IN THIS CHAPTER
Looking at the minimum necessary template files
Understanding the common template files
Enhancing the user experience with template files
Developing custom template files
WordPress provides a robust theme system. With its system of files and file hierarchy, it is possible to create very complex or very simplistic themes that render different content in different ways.
The first order of business, before describing the template file hierarchy, is to determine the different types of content WordPress can handle out of the box. As noted in the database schema for the posts table (see Table 7.1 in Chapter 7), WordPress comes with four different content types: posts, pages, attachments, and revision. Each of these data types can have a unique template.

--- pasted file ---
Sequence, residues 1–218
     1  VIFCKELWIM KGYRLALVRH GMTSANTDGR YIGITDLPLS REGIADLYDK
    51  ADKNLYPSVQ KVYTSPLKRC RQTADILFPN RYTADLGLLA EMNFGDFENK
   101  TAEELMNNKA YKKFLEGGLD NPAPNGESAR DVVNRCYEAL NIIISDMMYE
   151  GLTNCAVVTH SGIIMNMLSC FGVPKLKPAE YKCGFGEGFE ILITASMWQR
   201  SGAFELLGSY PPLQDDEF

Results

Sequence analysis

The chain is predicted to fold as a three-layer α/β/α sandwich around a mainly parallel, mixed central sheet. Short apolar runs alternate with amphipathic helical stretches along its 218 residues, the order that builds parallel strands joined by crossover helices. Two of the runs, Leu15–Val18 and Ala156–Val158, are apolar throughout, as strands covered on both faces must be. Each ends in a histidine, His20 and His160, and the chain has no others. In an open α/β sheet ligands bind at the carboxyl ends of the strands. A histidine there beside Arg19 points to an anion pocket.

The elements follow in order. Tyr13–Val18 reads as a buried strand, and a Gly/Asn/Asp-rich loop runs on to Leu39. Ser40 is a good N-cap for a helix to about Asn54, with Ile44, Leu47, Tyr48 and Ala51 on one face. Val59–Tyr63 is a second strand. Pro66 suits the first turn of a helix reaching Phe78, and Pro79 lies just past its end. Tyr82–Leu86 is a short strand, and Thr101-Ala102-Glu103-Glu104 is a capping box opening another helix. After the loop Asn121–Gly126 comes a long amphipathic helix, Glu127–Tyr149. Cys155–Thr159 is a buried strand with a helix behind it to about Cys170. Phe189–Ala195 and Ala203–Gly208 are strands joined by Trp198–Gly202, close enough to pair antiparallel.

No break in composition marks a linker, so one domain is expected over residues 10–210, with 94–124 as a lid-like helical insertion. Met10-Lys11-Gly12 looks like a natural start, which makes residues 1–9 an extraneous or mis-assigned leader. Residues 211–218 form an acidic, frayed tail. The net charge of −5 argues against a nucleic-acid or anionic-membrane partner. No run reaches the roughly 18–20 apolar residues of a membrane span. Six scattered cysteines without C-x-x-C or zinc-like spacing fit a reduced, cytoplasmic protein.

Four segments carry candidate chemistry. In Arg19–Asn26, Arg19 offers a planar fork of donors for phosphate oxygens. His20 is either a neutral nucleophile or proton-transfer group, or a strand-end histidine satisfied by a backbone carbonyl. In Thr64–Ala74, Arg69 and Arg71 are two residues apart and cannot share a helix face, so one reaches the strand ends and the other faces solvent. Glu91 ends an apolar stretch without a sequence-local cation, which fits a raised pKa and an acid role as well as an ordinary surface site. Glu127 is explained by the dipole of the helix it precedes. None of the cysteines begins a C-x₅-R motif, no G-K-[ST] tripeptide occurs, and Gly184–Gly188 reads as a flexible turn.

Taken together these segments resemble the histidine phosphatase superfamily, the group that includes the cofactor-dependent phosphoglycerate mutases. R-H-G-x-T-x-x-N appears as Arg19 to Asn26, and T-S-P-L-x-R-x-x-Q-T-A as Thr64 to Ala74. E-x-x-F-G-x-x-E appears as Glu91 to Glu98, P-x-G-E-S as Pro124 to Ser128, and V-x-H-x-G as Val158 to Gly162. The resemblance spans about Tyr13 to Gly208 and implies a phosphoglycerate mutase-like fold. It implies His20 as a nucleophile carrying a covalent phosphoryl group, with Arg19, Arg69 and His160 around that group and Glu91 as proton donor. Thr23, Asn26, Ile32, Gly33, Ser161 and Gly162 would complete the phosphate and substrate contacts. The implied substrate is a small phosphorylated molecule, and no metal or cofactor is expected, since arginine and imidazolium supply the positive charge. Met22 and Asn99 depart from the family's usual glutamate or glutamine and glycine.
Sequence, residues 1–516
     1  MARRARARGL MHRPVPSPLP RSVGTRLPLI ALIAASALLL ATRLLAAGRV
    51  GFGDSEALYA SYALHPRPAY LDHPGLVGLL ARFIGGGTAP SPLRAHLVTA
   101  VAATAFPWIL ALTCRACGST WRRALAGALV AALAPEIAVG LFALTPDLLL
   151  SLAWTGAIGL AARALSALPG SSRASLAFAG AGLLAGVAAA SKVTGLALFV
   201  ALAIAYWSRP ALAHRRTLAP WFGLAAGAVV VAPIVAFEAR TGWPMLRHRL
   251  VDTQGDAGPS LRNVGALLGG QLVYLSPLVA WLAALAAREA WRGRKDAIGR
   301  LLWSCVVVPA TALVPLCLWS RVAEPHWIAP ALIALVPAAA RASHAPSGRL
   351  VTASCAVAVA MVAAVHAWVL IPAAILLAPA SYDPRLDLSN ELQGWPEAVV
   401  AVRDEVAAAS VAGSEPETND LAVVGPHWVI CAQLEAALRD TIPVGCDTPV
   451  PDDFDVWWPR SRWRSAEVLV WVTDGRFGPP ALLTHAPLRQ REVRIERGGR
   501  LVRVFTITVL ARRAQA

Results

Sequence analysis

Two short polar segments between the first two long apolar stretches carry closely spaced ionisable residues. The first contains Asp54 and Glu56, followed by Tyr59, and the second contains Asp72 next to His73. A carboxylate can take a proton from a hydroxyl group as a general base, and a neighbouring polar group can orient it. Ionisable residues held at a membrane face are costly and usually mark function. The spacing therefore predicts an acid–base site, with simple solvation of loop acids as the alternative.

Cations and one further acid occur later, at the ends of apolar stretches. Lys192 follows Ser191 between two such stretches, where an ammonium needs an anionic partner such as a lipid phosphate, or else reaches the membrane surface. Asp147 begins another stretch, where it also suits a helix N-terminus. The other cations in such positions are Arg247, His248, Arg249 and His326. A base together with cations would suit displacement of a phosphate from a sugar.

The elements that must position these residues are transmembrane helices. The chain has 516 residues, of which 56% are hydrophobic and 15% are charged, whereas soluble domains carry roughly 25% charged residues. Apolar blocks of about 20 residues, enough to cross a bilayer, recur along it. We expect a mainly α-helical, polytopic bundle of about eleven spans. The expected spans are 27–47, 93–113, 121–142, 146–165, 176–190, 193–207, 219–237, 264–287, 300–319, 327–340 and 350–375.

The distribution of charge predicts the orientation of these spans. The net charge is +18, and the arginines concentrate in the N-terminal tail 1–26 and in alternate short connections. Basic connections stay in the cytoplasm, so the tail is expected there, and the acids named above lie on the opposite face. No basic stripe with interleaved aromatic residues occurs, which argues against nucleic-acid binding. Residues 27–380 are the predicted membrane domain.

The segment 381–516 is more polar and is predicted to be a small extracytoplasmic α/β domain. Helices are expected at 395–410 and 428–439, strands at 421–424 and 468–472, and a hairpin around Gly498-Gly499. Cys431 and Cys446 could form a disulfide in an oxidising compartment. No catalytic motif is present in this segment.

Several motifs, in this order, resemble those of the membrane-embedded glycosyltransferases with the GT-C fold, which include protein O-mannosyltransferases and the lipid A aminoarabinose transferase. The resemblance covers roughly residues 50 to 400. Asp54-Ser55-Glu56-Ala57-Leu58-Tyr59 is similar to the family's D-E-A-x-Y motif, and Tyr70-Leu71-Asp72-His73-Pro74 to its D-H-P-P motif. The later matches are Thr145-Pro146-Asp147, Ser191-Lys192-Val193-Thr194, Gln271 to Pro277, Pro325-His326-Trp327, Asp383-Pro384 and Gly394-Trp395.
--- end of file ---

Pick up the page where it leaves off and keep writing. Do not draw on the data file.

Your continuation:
See Chapter 7 for more information about the WordPress database schema and interacting with the database.
With this data classified, it is also possible to recognize a few key groupings of content. These groupings can best be thought of as ways to organize content. Archives are the most common, but archives can be broken down further into category archives, tag archives, and date-based archives. And then each of these groupings can have individual templates.
Of course, there are basic template files as well. Every theme needs a stylesheet, for example, while most themes include a template file for the structural elements of a page such as the header, footer, and sidebar. ...